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Art House Asshole : Winter on Fire

| December 9, 2016

You know how when you’re wanting to go to the movie theater and you look up all the films that are showing and there are alway at least three that you’ve never heard of, let alone have any interest in seeing? Well, good news! I’ve seen those movies. I spend most of my theater experiences in art house theaters watching those movies that you’ve never heard of and then never watch. Yeah, I’m that hipster asshole. My goal with this is to spread information out about these films, that way you can decide one of the following. “That actually sounds pretty cool! I want to see that now!” or “Man, I’m glad I decided to go see the new superhero movie!”. So without further ado, here is my article and review of Winter on Fire.

I’m glad I decided to dedicate this month to documentaries. As much as I like documentaries, I rarely go out of my way to actually watch them. But one thing I’ve always said about documentaries is that it is almost unfair to compare them with Narrative Fiction Films. Last year in my Filmsplosion, I had one documentary on my list. And this year there will be at least one documentary in my last. Documentary has a certain power to it. The power of knowing, this is real. Even when you see a “Based on a True Story” film, it still feels like a movie. Documentaries tend to hit me like a ton of bricks. And this one is no exception.

Winter on Fire: Ukraine’s Fight for Freedom is a Netflix produced documentary on a lot of different things surrounding Ukraine, but primarily Euromaidan Protests. At the end of the day, though, this film is basically a “How Ukraine Got This Fucked: The Movie”. It gives a brief history of Ukraine from its independence in the early 90s, to basically just before the Russian Invasion. And the end of the film is basically “Ukraine is fucked and no one cares”.

This film is good for the same reason Last Days of Vietnam is good. It gives you a peak into this world that you aren’t part of, and are also unaware of how bad it is. If you have been participating or supporting or complaining about all the political protest happening around the 2016 US Election, understand those protesters are nothing compared to the protesters in this film. What starts as a simple college protest in this film evolves into was would be described less as a protest and more as a full out war. When you see the brutality of the police and the people, it is honestly horrifying. It shows how the police were told to switch from plastic batons to iron batons when the protests were primarily peaceful. There isn’t much to say about the film besides the fact that it is both horrifying and powerful.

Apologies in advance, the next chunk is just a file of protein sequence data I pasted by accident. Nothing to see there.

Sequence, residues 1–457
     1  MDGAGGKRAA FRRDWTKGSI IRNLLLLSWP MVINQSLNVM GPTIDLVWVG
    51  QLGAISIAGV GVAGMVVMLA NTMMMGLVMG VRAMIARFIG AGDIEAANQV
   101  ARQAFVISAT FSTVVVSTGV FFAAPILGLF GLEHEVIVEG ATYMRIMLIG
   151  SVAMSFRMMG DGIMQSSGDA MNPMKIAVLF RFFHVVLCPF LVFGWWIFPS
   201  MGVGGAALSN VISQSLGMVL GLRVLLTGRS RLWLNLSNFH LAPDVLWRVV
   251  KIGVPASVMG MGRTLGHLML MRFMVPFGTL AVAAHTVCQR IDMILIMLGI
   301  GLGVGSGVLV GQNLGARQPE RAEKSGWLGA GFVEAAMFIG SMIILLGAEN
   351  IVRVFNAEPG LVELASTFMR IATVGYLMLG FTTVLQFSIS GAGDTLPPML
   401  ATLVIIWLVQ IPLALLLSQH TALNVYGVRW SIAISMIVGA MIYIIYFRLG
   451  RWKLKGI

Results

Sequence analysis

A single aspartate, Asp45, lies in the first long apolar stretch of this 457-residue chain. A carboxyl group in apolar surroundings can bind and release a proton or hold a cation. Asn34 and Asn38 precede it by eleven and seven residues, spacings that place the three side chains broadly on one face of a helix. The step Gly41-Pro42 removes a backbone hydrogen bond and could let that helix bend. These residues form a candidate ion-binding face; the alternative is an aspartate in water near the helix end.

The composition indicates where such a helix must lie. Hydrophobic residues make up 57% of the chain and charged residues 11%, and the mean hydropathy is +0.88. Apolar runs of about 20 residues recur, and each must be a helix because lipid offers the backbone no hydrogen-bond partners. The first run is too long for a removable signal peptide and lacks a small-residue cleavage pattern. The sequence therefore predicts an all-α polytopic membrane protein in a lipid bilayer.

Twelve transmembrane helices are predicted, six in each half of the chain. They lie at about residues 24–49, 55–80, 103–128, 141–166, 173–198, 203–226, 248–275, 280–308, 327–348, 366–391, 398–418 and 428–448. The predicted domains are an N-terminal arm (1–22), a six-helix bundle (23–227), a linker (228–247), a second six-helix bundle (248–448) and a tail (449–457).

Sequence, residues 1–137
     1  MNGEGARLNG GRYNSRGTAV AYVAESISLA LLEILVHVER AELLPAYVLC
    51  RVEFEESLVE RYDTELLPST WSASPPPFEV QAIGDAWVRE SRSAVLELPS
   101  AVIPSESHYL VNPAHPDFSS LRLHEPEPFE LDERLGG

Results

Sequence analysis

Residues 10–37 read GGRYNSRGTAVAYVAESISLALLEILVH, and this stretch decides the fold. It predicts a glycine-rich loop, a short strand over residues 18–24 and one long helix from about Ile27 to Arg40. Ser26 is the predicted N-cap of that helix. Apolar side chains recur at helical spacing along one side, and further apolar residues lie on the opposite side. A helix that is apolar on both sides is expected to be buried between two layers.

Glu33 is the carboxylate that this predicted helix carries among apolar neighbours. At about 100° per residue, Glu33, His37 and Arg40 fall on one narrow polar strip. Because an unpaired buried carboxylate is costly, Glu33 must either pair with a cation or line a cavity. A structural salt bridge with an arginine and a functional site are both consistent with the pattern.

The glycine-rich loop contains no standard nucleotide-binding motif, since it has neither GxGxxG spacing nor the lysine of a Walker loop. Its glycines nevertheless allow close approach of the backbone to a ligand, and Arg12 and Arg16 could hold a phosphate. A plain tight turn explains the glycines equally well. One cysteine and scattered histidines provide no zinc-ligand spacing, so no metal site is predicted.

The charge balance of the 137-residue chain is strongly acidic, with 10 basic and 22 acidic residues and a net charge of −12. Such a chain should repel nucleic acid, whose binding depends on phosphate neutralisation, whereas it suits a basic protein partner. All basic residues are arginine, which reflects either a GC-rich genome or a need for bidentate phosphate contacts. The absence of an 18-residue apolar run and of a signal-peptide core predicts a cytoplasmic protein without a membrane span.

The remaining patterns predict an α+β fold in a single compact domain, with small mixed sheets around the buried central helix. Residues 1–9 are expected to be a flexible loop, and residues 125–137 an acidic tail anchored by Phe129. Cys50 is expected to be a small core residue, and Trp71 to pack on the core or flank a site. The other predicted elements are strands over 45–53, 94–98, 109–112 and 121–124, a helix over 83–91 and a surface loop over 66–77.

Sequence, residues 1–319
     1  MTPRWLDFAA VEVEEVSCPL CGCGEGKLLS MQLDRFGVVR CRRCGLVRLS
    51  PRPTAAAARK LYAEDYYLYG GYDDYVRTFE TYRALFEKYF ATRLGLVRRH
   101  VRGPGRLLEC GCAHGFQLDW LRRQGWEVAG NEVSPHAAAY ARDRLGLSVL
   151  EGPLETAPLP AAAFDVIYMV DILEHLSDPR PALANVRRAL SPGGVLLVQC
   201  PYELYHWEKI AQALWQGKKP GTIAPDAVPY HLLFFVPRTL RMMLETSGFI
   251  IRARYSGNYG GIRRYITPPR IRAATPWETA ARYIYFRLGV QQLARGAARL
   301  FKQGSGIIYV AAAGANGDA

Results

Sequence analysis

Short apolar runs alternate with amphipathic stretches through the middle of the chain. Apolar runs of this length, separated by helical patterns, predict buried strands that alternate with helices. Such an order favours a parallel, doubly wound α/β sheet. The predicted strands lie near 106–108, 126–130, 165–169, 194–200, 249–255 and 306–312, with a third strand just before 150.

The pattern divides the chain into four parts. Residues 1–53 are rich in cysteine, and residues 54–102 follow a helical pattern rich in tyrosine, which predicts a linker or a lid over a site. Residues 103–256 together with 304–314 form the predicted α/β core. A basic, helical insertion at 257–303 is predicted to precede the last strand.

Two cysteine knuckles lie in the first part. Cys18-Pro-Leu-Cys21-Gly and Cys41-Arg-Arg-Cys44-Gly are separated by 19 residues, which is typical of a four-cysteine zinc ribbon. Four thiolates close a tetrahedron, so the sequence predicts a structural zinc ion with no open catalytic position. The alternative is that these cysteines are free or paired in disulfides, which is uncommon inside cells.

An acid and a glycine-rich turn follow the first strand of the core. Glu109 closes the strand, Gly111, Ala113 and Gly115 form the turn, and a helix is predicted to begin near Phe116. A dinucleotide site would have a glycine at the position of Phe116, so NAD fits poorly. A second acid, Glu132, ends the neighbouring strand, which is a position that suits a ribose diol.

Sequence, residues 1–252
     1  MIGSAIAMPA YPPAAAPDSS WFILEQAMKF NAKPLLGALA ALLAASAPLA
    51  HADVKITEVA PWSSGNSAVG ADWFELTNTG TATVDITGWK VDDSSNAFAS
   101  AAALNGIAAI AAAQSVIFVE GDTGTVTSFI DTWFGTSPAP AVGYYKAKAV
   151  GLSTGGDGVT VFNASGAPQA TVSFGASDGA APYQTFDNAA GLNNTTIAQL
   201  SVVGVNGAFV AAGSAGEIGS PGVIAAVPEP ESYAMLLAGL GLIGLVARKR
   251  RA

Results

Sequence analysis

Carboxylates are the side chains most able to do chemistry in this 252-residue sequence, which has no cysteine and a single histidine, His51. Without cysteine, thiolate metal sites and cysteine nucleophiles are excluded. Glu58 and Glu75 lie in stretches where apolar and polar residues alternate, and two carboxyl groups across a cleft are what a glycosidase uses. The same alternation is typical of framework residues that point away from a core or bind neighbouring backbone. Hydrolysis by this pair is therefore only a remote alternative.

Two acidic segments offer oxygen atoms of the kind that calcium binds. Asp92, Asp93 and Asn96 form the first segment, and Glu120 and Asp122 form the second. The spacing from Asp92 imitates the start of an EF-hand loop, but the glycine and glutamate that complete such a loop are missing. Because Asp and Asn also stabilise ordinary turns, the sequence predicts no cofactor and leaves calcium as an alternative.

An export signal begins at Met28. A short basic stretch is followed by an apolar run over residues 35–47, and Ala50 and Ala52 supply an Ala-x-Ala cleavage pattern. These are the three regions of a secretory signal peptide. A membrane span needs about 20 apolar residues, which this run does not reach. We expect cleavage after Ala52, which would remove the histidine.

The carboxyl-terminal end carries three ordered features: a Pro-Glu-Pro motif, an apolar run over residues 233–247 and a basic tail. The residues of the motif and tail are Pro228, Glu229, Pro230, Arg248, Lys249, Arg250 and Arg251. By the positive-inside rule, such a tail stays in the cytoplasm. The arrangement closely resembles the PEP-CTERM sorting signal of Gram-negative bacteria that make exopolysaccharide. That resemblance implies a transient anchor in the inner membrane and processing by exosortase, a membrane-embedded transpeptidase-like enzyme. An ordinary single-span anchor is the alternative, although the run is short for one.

One major downside to the film is that you start to get lost in what is happening in the film. For an American Director, Evgeny Afineevsky whom also directed Oy Vey! My Son Is Gay!! (No really), it tackles a lot of Ukrainian history. To the point where it is very easy to think “Oh are we still talking about this president or this president?” or “Are we still learning about the Orange Revolution or is this a separate thing?” The film is painted with a very broad stroke. I’ve seen some people say that the film is only telling one side of the story. I didn’t think this but then again I knew almost no Ukrainian history prior to watching this film. So I was essentially spoon-fed Ukrainian history with this film, and it is very easy to give one side of a story if you are teaching it.

There really isn’t a lot for me to say about this film. If you aren’t following the events, or if you knew about the events but didn’t really understand it, or if you didn’t know Ukraine was a country, then I recommend this film. It gives you a nice one-two punch of quick history, even if you won’t follow some of it. You might walk out with a couple questions, but you will also be much better informed about the basics of the situation in Ukraine. Which is a horribly interesting situation.

About the Author:

Henry Jarvis is the youngest member of the Reel Nerds. His favorite films include Space Jam and Dude, Where’s My Car? and Lawrence of Arabia. He enjoys those pretentious art house films that Ryan hates. He sees a lot of movies! Honestly more than he should. He replaces his lack of social skills and meaningful friendships with his love of cinema! He’s also crying while he writes this biography for himself. His favorite directors are Andrei Tarkovsky, David Fincher, and David Lean.

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